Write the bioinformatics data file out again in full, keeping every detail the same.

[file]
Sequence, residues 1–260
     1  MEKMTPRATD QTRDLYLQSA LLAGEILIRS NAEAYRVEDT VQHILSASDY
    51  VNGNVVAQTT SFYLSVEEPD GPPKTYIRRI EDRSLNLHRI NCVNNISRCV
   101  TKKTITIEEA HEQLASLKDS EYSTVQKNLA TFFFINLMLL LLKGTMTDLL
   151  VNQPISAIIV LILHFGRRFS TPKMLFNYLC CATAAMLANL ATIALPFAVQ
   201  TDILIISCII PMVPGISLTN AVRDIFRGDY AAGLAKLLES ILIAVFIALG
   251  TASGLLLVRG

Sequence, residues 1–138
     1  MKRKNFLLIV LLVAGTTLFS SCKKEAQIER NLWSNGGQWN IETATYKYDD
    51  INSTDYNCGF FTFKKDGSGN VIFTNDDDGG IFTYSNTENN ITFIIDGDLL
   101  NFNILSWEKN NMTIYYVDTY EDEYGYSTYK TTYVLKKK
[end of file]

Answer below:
Sequence, residues 1–260
     1  MEKMTPRATD QTRDLYLQSA LLAGEILIRS NAEAYRVEDT VQHILSASDY
    51  VNGNVVAQTT SFYLSVEEPD GPPKTYIRRI EDRSLNLHRI NCVNNISRCV
   101  TKKTITIEEA HEQLASLKDS EYSTVQKNLA TFFFINLMLL LLKGTMTDLL
   151  VNQPISAIIV LILHFGRRFS TPKMLFNYLC CATAAMLANL ATIALPFAVQ
   201  TDILIISCII PMVPGISLTN AVRDIFRGDY AAGLAKLLES ILIAVFIALG
   251  TASGLLLVRG

Sequence, residues 1–138
     1  MKRKNFLLIV LLVAGTTLFS SCKKEAQIER NLWSNGGQWN IETATYKYDD
    51  INSTDYNCGF FTFKKDGSGN VIFTNDDDGG IFTYSNTENN ITFIIDGDLL
   101  NFNILSWEKN NMTIYYVDTY EDEYGYSTYK TTYVLKKK